London’s antiquated gas mains being replaced with modern piping system

The Problem

In 1985, a fractured 6” cast iron gas main exploded on a block of three-story luxury flats in Putney, a London suburb, killing eight people and trapping dozens in the rubble. The tragedy led to a government safety inquiry which determined that the break occurred due to vertical loading stresses, most likely from the heavy vehicles that serviced the building.

To reduce the risk of this happening anywhere else, as it surely would and did, British Gas was urged to begin replacing its most at-risk gas mains. Over the years, it became the UK’s policy to use polyethylene pipe, which is joined through leak-free heat fusion technology, in all of its new gas distribution lines and prohibit the use of ductile iron in close proximity to households. One of the characteristics of polyethylene pipe is that it is resistant to vibration, ground stresses, pressure surges and sudden temperature changes. Today, about 90 percent of gas is delivered via polyethylene pipe bringing a much safer, more durable and reliable delivery system.

Among the last places to go plastic is London where £1 billion is being invested the London Gas Mains Replacement project set for completion in 2021. The existing pipe network beneath its busy streets has been in place for more than a century; many of the lines leak, and during especially cold winters they actually come close to running out of gas. A modern piping system for London’s residents will alleviate the many concerns and problems with the antiquated gas mains.

The Challenges

One of the biggest challenges for the installation has been working in heavily congested areas like Kings Road in Fulham while trying to keep public disruptions in a city of 8.7 million to a minimum. Businesses need to stay open, residents need open access and road closures, detours and changes to public transportation schedules have to be addressed to maintain order.

Extensive technical support would also be required because the 800mm polyethylene pipe replacement is the largest gas main ever installed in the UK.

Innovations and Solutions

PSS Hire, a distributor of McElroy fusion equipment, was approached by tRIIO, a gas engineering company that works in partnership with Cadent Gas (formerly National Grid), to identify innovative work approaches for the project as well as new products, which have included the TracStar® 500 and 900 Automatic fusion machines.

The TracStar machines are self-propelled, self-contained vehicles that bring mobility and efficiency to the jobsite. Fusion functions on the Automatic machines are controlled with The Coach® pendant and joint reports are being downloaded to the DataLogger Vault™ where they can be stored, viewed and verified for pipeline validation. To hold pipe for the day’s work and help guide each stick into the machine, a MegaMc® PolyHorse® pipe-handling system and Pipe Stands are being used.

PSS Hire was in a unique position as a supplier of large-diameter pipe fusion equipment and in partnership with McElroy has provided fusion training and onsite technical assistance and advice on best practices for fusing the larger 800mm polyethylene pipe. A four-day training session was held at the National Grid Training Centre in Hertfordshire.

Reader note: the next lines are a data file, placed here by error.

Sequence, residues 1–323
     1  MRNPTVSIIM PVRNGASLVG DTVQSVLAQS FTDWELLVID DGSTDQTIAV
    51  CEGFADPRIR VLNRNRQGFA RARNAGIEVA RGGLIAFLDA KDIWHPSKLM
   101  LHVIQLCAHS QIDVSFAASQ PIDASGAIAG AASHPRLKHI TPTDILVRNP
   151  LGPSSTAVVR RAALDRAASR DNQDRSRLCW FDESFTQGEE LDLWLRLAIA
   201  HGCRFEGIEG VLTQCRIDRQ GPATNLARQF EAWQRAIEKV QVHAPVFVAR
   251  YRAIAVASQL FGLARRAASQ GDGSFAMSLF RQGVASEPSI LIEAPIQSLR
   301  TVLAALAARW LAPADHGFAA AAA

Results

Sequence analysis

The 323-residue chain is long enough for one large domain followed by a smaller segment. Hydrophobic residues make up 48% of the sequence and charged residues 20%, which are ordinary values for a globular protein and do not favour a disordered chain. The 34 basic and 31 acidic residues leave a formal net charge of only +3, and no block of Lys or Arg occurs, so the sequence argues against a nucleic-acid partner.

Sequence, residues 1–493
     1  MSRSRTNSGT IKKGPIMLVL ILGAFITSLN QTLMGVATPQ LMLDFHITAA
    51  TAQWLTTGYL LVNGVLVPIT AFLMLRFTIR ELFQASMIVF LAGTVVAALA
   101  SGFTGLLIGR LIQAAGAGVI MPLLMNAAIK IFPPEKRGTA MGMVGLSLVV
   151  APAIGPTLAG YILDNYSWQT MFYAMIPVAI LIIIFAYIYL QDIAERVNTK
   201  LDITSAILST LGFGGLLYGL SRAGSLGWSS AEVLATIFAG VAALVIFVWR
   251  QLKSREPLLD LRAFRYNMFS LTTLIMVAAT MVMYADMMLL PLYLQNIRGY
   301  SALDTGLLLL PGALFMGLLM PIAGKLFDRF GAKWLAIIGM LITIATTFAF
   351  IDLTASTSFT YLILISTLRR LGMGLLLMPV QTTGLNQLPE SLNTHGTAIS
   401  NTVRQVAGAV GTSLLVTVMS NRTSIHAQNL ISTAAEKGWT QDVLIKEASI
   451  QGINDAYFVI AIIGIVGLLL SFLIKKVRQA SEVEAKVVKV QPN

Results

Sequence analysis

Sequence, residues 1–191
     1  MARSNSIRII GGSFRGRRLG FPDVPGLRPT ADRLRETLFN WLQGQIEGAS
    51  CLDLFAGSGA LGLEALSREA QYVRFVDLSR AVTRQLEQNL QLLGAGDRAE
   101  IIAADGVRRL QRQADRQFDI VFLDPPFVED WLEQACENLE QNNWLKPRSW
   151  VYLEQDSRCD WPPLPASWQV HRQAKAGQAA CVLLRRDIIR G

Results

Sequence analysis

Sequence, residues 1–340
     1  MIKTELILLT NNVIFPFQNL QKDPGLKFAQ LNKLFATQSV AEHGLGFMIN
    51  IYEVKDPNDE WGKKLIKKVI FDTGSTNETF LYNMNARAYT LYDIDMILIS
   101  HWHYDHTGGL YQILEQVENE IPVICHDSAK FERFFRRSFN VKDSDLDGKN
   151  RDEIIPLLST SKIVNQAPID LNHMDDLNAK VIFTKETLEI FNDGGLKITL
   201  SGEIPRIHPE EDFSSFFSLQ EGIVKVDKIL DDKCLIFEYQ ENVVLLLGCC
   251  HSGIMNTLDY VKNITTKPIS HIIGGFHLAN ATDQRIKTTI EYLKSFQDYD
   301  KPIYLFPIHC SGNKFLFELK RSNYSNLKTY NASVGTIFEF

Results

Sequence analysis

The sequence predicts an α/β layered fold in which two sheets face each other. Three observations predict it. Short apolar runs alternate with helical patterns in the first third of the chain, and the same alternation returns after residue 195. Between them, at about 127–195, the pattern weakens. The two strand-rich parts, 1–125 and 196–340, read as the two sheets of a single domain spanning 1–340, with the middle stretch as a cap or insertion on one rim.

The path of the pipeline takes a historic tour through London. Buckingham Palace, the Houses of Parliament, West End, Westminster Abbey, the River Thames and the Tower of London are among the many landmarks that will be along the way.

Currently, while pipe is being fused, the roads are closed in one direction to accommodate the fusion machine; the entire road is closed temporarily each time a fresh stick of pipe is loaded. Because of road closure procedures, they are staggering work so that fusions are done one week out of every three. The new polyethylene is inserted in the old mains for most of the work which reduces the amount of long trenches and street rehabilitation.

The project has provided an opportunity for PSS Hire to introduce new products such as the BDI (Bead Diagnostic Instrument), a nondestructive tool used to verify fusion quality. Other new products included 800mm hydraulic clamps, 800mm electrofusion scrapers, vacuum saddle kids, excavator mounted pipe handlers and lifting straps for 800mm electrofusion couplers.

The project was also an opportunity for McElroy to develop fusion machine features in response to new standards in the UK that do not permit any operator interaction with the machine’s heater. The company designed a retractable heater that is built into the carriage and is removed automatically. It performed well in a field trial this year and has now gained regulatory approval.

Keith Mole, Sales and Marketing Manager for McElroy UK, has been involved with countless projects for McElroy over the years, but the London project may be the largest and one of the most important. He said it’s been exciting to see 800mm gas distribution pipe since pipe this large is typically seen on water projects. It’s definitely a project that is working McElroy machines hard with 1,800 miles of polyethylene pipe to fuse.


PSS Hire reports that the first phase of the project was completed ahead of schedule, on budget and with minimal public disruption. They continue to work closely on the project as a supply partner and provide ongoing technical support.

McElroy plans to continue a robust rental replacement program to make sure the project has access to the most up-to-date equipment that is well-maintained and ready for service.




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